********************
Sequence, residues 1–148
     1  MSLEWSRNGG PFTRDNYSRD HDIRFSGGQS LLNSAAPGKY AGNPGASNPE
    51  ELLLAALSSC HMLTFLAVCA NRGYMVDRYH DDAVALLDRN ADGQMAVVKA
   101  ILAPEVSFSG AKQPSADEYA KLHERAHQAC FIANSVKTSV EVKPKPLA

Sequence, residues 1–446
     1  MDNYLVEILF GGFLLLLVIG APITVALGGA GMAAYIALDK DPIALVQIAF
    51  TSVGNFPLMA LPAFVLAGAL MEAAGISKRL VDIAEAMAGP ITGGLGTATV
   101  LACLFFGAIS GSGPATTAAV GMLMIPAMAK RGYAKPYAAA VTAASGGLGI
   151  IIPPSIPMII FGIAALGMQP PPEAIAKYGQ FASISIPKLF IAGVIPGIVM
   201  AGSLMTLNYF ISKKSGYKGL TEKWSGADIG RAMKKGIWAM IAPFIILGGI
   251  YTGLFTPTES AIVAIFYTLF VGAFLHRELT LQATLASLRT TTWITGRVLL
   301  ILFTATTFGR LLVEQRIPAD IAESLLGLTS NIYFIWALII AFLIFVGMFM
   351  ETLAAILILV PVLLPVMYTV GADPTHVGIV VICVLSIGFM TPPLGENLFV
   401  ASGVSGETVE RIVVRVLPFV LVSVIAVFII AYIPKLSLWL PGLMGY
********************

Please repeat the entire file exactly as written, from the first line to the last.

Sequence, residues 1–148
     1  MSLEWSRNGG PFTRDNYSRD HDIRFSGGQS LLNSAAPGKY AGNPGASNPE
    51  ELLLAALSSC HMLTFLAVCA NRGYMVDRYH DDAVALLDRN ADGQMAVVKA
   101  ILAPEVSFSG AKQPSADEYA KLHERAHQAC FIANSVKTSV EVKPKPLA

Sequence, residues 1–446
     1  MDNYLVEILF GGFLLLLVIG APITVALGGA GMAAYIALDK DPIALVQIAF
    51  TSVGNFPLMA LPAFVLAGAL MEAAGISKRL VDIAEAMAGP ITGGLGTATV
   101  LACLFFGAIS GSGPATTAAV GMLMIPAMAK RGYAKPYAAA VTAASGGLGI
   151  IIPPSIPMII FGIAALGMQP PPEAIAKYGQ FASISIPKLF IAGVIPGIVM
   201  AGSLMTLNYF ISKKSGYKGL TEKWSGADIG RAMKKGIWAM IAPFIILGGI
   251  YTGLFTPTES AIVAIFYTLF VGAFLHRELT LQATLASLRT TTWITGRVLL
   301  ILFTATTFGR LLVEQRIPAD IAESLLGLTS NIYFIWALII AFLIFVGMFM
   351  ETLAAILILV PVLLPVMYTV GADPTHVGIV VICVLSIGFM TPPLGENLFV
   401  ASGVSGETVE RIVVRVLPFV LVSVIAVFII AYIPKLSLWL PGLMGY